Joe Biden’s position on Nicolás Maduro’s Venezuela leaves the Argentine government in an uncomfortable situation

Just over two weeks after coming to power, the Joseph Biden administration formalized its first approach to the regime of Nicolas Maduro. And that first statement, issued Wednesday night by the new State Department spokesman, Ned Price, leaves again in an uncomfortable situation to the government of Alberto Fernandez.

On Wednesday night, Price defined Maduro before journalists as “A dictator”, refused to contact him as an interlocutor about the future of Venezuela. And he stressed that they continue to recognize the opposition leader Juan Guaidó as “interim president” of Venezuela.

Although it was suggestive when saying that the new administration hoped to work with “partners” and “allies” in the Venezuelan crisis – Price did not name any country – the spokesman for the Secretary of State, Antony Blinken considered the Organization of American States (OAS) Y to the Lima Group as the spaces of “leadership” to continue “pressing for a democratic transition in Venezuela” to “further strengthen a regional coalition” that advocates “free and fair elections” in the Caribbean country.

The Fernández government ignores Guaidó, advocates dialogue with Maduro, and endorsed the last and controversial legislative elections imposed by Chavismo, of December 6, and that were condemned by most of the western democracies.

Furthermore, it maintains a confrontation opened with Luis Almagro’s OAS and with the Lima Group. He points out that they are and were instruments of the Trump administration and its plans to invade Venezuela. They claim that former President Mauricio Macri endorsed them. Plans that were never actually tested. The Biden thing is Trump continuity.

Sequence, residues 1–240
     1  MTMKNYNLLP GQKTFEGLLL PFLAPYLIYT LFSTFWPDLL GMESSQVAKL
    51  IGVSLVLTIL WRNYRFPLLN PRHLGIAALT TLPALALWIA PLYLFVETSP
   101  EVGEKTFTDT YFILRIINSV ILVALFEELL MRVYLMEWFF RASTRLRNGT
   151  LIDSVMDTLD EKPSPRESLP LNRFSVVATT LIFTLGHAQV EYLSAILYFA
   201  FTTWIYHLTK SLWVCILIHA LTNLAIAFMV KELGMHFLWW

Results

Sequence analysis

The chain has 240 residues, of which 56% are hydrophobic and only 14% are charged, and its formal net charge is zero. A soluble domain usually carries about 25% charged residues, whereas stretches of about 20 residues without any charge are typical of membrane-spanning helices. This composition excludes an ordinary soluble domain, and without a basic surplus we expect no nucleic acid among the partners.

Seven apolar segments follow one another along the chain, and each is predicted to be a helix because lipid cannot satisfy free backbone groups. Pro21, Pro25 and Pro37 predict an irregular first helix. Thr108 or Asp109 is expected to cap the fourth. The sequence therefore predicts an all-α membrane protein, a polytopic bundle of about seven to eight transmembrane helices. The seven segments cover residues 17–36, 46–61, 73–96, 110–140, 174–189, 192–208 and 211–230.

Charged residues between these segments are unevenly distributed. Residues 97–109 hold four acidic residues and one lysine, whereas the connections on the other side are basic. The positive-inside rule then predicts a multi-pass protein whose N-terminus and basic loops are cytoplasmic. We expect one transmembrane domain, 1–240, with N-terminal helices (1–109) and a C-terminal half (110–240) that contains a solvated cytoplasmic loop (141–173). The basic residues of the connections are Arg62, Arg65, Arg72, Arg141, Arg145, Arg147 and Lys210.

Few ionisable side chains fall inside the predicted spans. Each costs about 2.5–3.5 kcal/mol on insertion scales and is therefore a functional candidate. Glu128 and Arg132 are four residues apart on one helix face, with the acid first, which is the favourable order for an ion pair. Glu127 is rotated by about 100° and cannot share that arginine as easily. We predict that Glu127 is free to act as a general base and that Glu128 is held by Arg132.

Curiously, the Argentine government joined the International Contact Group with Venezuela to evade commitments with that of Lima. But when the Contact Group condemned the legislative, Argentina he distinguished himself with silence and an abstention at the OAS.

This week the GCI asked for transparent elections, Argentina accompanied, but the Foreign Minister Felipe Solá was unmarked with a statement in which he asked for “humanitarian access” from Venezuela to “blocked” money – he did not specify – so that he can pay for vaccines against COVID from the Covax fund, when it is the Venezuelan opposition that demands a mass vaccination plan from Maduro, which does not have.

The position is so uncomfortable For President Fernández, for example, his position at the UN – where he has condemned human rights abuses in Venezuela in line with High Commissioner Michelle Bachelet – which last week came out to deny something that is ongoing. These are the conversations that Foreign Minister Andrés Allamand commented to seek a more consensual position at the regional level on Venezuela. These negotiations exist. Chile has just joined the Contact Group. The Argentine President chose to emphasize that he has not discussed this with his counterpart Sebastián Piñera. Do the foreign ministers work without presidential consensus?

Even so, government sources consulted by Clarín flatly deny that Biden’s position leaves them in a bad way. Furthermore, they point out that Alberto Fernández is “the best positioned president” for an eventual “mediation” dialogue in Venezuela and that for this it is worth remembering – they say here – the democrat spoke with a few Latin American presidents, among whom was the Argentine . And they are optimistic that this year Alberto F can make a trip to the White House. They consider that Washington “understands” the Argentine position.

The Government seeks a rapprochement with Washington through coincidences regarding multilateralism and the fight against climate change. But reality prevails and the first differences begin to emerge. In the care that Biden seeks to maintain before the Latinos in Florida who did not vote for him, in the toughness he promises towards China, and trade protectionism.



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